The military drafted 2008 Constitution grants the Myanmar military complete autonomy and supremacy over the civilian government, while empowering them to act with impunity and to stay in power. Diverse communities throughout Myanmar, including the dominant Bamar majority, must act collectively for a new Constitution that embraces the distinct ethnic, religious and cultural diversity of the country. The new Constitution is needed for a radical departure from the country’s centralized Bamar Buddhist military-dominated system that the military and its allies capitalize on to remain in power and continue to commit grave crimes against ordinary civilians. As the UN-mandated Independent International Fact-Finding Mission on Myanmar stated in its concluding report, the 2008 Constitution “makes the Tatmadaw [the Myanmar military] accountable only to itself.”
A robust amendment of the Constitution, or better yet, a complete rewriting of the 2008 Constitution is vital in order to establish a federal democracy that reflects the genuine will of all people in Myanmar, guaranteeing ethnic nationalities and religious minorities protection and rights as well as putting an end to impunity of the military. As long as the military drafted 2008 Constitution remains intact, any civilian government – now and in the future – will be unable to hold the military to account or resolve the situation of grave human rights violations and humanitarian crises unfolding across the country. The international community must reiterate their call for the amendment of this military-drafted Constitution and take concerted actions to hold the Myanmar military to account under international human rights and humanitarian law.
 One year following the 1988 pro-democracy uprising, the former military junta changed the country’s name from Burma to Myanmar overnight. Progressive Voice uses the term ‘Myanmar’ in acknowledgement that most people of the country use this term. However, the deception of inclusiveness and the historical process of coercion by the former State Peace and Development Council military regime into usage of ‘Myanmar’ rather than ‘Burma’ without the consent of the people is recognized and not forgotten. Thus, under certain circumstances, ‘Burma’ is used.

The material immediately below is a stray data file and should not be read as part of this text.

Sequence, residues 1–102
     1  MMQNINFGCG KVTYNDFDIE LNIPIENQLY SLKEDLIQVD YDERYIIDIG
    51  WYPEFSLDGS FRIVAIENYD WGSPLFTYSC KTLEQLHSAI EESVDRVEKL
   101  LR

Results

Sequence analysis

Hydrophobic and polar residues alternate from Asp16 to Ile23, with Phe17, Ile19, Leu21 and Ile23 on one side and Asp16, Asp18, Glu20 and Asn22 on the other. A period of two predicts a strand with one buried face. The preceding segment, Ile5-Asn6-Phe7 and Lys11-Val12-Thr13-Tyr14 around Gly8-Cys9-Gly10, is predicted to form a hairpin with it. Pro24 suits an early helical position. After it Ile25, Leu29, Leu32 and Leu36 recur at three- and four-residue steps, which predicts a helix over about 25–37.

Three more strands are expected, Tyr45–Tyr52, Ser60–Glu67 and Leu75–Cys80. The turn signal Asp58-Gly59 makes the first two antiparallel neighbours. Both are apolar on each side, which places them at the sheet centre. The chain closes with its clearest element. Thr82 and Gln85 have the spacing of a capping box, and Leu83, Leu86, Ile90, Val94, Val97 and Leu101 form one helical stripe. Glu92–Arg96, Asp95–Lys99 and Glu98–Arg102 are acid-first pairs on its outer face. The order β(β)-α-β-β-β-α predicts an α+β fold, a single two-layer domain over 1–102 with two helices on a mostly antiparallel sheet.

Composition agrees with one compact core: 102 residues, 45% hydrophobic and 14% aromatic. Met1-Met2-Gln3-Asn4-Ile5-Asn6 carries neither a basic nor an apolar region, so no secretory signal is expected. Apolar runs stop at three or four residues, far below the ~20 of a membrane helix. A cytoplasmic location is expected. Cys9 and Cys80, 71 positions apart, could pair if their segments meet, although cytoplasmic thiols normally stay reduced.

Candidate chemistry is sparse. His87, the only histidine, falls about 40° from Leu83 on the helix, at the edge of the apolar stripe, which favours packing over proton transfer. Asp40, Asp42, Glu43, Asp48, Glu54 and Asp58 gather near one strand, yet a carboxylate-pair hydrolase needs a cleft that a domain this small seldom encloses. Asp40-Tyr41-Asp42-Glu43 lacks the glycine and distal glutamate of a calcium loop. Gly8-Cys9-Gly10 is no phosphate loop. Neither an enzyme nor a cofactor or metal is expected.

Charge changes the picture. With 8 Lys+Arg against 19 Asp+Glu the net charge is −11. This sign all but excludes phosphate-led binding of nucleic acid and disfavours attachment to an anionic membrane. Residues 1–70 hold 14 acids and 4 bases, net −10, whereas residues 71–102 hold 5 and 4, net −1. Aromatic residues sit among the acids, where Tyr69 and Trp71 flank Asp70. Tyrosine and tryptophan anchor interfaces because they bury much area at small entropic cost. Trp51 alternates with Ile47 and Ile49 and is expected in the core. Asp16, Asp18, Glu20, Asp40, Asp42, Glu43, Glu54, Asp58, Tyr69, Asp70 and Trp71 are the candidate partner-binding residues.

By Action for Shan State Rivers
By Amnesty International
By Article 19
By Assistance Association for Political Prisoners (Burma)
By Assistance Association for Political Prisoners (Burma)
By Athan and Fortify Rights
By Burma Campaign UK
By Burmese Women’s Union
By Fortify Rights
By Human Rights Now
By Karen Women Organization
By Karenni State People’s Representative Negotiation Committee
By Tai Youth Network
By UN Office of the SRSG on Sexual Violence in Conflict
By UN Human Rights Council
By UN Human Rights Office
By Youth for a New Society (YNS)
Progressive Voice is a participatory, rights-based policy research and advocacy organization that was born out of Burma Partnership. Burma Partnership officially ended its work on October 10, 2016 transitioning to a rights-based policy research and advocacy organization called Progressive Voice. For further information, please see our press release “Burma Partnership Celebrates Continuing Regional Solidarity for Burma and Embraces the Work Ahead for Progressive Voice.”